Postprandial lipemia (PPL) is associated with impaired endothelial function and inflammation. Acute exercise reduces PPL in adults. This investigation examined the effect of an acute bout of exercise on postprandial changes in triglycerides (TG), glucose, insulin, inflammation [white blood cell count (WBC), interleukin-6 (IL-6) tumor necrosis factor-alpha, C-reactive protein (CRP)] and endothelial activation [soluble intercellular adhesion molecule-1 (sICAM-1), vascular adhesion molecule-1 (sVCAM-1)] following a high-fat meal in adolescents. Ten normal weight (NW) (BMI, 20.9 ± 1.7 kg m-2; 15.6 ± 0.7 years) and eight overweight (OW) (BMI, 28.3 ± 3.6 kg m-2; 15.9 ± 0.4 years) adolescent boys underwent two 6-h oral fat tolerance tests (OFTT) separated by 7-10 days. On the evening prior to each OFTT, subjects either rested or completed a treadmill exercise bout (65% VO2max; 600 kcal expended). Exercise reduced (P < 0.01) the postprandial TG area under the curve by ∼20% in the NW and OW groups. The postprandial glucose and insulin response did not differ between the control and exercise trials or between the NW and OW groups. Circulating leukocytes and plasma IL-6 levels increased (P < 0.01) in the NW and OW groups 6 h following the OFTT in both experimental conditions. There were no changes in CRP, sVCAM-1 or sICAM-1 following the OFTT and there were no differences between experimental condition or NW and OW groups. In conclusion, a moderate exercise bout prior to a high-fat meal effectively reduces postprandial TG concentrations to a similar degree in both NW and OW adolescents, but does not reduce the concomitant postprandial increase in WBC or IL-6.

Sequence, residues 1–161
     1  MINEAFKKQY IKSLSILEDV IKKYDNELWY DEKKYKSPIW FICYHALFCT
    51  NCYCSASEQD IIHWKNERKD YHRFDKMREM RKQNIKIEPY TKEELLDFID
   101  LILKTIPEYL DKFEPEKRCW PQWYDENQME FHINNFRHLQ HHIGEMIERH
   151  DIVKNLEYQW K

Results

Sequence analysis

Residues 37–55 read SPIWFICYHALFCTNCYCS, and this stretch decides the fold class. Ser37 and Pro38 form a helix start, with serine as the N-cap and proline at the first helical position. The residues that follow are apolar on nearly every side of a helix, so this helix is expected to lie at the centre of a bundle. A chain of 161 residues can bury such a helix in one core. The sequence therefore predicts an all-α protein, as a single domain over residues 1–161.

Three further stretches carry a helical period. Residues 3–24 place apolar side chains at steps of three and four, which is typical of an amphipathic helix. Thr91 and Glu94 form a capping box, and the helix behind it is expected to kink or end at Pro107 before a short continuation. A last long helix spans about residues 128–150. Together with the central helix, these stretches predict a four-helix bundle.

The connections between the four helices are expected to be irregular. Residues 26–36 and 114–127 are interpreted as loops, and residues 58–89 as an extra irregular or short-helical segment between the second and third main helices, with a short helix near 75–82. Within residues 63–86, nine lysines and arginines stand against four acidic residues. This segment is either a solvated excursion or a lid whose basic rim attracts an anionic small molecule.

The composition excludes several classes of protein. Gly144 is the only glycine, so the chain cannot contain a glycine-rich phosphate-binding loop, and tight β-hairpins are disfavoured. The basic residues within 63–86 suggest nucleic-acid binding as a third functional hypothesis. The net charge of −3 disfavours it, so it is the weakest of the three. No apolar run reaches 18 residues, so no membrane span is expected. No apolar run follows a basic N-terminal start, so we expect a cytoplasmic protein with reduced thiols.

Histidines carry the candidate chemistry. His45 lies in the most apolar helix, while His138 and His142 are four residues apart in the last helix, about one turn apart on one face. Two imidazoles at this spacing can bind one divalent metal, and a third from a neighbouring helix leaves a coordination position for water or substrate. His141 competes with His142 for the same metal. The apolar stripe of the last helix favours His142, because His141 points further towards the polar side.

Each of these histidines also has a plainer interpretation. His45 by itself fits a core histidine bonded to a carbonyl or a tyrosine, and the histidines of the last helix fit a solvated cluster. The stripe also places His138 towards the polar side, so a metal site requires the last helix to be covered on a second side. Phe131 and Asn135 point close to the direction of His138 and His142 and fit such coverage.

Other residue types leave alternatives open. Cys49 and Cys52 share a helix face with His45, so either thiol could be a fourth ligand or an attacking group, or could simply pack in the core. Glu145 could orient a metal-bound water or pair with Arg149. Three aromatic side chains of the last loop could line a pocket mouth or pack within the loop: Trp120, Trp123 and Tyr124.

- Postprandial lipemia